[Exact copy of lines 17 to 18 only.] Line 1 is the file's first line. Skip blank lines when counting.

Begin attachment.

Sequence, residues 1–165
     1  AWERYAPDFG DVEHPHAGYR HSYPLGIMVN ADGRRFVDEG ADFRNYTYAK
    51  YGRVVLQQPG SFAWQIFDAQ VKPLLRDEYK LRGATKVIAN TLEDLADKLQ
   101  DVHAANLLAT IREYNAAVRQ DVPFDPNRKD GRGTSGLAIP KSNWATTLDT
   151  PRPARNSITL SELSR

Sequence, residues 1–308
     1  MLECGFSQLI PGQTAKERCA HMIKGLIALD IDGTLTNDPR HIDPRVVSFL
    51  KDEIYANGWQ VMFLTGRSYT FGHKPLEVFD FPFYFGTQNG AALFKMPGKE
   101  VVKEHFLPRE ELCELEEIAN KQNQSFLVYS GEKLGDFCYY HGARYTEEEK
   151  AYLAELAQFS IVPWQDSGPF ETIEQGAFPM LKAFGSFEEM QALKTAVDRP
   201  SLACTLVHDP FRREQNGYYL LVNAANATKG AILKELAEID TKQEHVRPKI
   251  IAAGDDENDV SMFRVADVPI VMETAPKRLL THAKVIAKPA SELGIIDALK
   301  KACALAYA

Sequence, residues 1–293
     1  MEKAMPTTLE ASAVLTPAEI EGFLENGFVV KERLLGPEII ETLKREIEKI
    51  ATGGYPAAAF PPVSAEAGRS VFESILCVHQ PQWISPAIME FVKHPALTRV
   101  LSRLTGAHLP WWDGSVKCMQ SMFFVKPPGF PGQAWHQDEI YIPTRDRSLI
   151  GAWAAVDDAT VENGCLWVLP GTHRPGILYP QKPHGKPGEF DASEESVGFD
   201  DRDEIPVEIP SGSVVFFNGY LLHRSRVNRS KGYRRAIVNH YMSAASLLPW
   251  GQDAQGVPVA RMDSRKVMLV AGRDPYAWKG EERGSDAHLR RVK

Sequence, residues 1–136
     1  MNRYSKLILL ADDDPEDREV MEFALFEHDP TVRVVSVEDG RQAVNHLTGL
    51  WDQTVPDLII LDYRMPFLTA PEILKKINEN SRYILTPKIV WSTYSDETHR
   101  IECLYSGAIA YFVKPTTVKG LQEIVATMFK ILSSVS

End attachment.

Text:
   101  LSRLTGAHLP WWDGSVKCMQ SMFFVKPPGF PGQAWHQDEI YIPTRDRSLI
   151  GAWAAVDDAT VENGCLWVLP GTHRPGILYP QKPHGKPGEF DASEESVGFD